Town of Chevy Chase Votes Against Providing Money to Group Behind Purple Line Lawsuits
Town council opposes proposal 4-1
Bethesda Beat file photo
The Town of Chevy Chase will not provide $50,000 to Friends of the Capital Crescent Trail, the trail group that’s a plaintiff in two lawsuits against the Purple Line light-rail project.
The Town Council voted 4-1 against providing a grant to the group, which was requesting the money to defray legal costs in the ongoing lawsuits.
Mayor Mary Flynn and council members Barney Rush, Scott Fosler and Cecily Baskir voted against providing the grant. Joel Rubin voted for it.
Flynn said Friday that the 14 speakers at Thursday evening’s public hearing were evenly divided on whether to provide the grant.
Flynn said she voted against providing the grant because the town had not set aside funds for charitable grants this year and would have had to make a special appropriation. She believes other potentially worthy causes should be able to compete for the town’s funds rather than give the trail group money through an exclusive process.
She also said approving the money would have “called into question” the town’s policy to ease the impact of the Purple Line project on the town and could put the town back into a position of opposition. The town switched to the mitigation policy in 2015 when it stopped formally opposing the 16.2-mile light-rail project.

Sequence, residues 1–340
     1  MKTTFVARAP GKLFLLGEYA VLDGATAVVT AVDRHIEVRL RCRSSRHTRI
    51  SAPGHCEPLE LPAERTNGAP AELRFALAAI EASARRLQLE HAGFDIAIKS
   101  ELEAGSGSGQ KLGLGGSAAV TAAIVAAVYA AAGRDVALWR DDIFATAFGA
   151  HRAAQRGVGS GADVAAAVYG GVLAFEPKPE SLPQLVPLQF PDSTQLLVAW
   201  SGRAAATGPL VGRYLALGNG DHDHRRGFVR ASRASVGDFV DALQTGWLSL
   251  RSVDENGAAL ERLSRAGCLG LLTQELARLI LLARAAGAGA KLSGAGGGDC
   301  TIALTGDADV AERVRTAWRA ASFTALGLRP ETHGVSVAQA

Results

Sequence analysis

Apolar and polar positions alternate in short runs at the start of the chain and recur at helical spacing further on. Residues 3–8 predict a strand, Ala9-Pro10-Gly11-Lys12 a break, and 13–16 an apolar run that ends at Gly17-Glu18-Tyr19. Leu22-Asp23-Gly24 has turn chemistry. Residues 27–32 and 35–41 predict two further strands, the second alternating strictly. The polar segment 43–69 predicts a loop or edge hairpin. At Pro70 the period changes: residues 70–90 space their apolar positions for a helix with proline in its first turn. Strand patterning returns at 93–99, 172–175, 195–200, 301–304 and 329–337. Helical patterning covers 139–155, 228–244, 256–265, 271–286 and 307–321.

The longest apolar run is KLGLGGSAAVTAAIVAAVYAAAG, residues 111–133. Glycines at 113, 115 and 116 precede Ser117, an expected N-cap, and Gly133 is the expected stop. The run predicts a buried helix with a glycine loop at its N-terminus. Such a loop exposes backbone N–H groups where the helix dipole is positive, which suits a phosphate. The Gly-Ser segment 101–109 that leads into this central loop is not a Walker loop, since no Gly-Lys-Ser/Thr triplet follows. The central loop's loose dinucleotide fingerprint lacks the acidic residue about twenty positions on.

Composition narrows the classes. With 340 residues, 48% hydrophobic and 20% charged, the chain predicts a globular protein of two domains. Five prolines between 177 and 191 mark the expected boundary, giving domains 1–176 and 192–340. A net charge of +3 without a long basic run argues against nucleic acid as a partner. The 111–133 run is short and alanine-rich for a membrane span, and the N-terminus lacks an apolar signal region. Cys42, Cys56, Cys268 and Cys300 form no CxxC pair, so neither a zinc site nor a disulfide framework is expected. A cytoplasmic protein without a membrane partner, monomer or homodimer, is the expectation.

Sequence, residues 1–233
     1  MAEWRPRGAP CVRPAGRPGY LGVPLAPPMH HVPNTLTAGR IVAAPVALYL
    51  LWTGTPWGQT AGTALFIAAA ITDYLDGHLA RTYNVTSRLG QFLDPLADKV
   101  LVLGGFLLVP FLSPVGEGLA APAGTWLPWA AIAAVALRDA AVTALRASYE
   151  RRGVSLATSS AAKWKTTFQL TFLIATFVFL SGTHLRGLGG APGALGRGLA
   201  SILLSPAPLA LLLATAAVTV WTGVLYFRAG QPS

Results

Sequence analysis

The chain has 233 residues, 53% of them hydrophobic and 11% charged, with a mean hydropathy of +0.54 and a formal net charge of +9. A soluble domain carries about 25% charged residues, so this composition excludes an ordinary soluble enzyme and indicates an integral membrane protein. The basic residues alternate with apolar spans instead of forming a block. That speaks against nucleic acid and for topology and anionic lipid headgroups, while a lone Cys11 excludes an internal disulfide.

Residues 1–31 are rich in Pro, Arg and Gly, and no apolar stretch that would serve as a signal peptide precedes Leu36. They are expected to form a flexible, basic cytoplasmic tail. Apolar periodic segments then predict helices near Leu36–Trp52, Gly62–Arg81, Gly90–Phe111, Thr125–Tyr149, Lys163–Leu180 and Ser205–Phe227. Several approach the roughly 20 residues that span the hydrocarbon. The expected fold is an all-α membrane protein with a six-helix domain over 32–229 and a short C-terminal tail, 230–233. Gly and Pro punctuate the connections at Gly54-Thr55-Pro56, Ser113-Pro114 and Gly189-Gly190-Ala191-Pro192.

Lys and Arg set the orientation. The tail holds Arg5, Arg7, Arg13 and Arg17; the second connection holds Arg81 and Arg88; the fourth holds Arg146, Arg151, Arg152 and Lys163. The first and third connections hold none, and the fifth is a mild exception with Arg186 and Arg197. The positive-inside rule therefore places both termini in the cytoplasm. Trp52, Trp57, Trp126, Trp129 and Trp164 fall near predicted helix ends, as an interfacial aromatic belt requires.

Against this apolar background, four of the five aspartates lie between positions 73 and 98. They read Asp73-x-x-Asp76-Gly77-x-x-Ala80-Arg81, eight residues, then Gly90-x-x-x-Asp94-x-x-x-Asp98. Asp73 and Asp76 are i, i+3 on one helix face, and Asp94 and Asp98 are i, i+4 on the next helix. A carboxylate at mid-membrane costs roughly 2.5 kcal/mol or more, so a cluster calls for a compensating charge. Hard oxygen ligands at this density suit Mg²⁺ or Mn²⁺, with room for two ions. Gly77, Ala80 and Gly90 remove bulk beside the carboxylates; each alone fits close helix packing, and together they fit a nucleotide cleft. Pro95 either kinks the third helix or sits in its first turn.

Rubin said Friday that he voted to provide the money because he believes the companies contracted by the state to build the project, Purple Line Transit Partners, are not following commitments to ease the impact on the town.
He said it has been “shocking” to watch the deforestation of the Georgetown Branch Trail by Purple Line crews, which began tree-cutting for the project last month.
He added that he believes the lawsuits could help the town get leverage on the mitigation issues.
“I supported private action to make sure there’s some ability to move mitigation forward more concretely and correctly,” Rubin said.
Friends of the Capital Crescent Trail is one of three plaintiffs in the two lawsuits challenging the project. The other two plaintiffs are town residents John Fitzgerald and Christine Real de Azua.
The long-running initial lawsuit that centers on whether Metro’s ridership and safety decline would affect Purple Line ridership is scheduled for oral arguments Nov. 1 in front of the U.S. Court of Appeals in Washington, D.C. The appellate court already has granted a stay in the case that reversed an earlier judge’s ruling and allowed construction to begin on the Purple Line.
The other case in U.S. District Court in D.C. questions whether the federal government appropriately vetted the project before awarding a $900 million full funding grant agreement for it in August.
The judge in that case, Richard Leon, who was the lower court judge in the initial case now before the appellate court, declined to grant an injunction last month to prevent trees from being cut down along the Georgetown Branch Trail.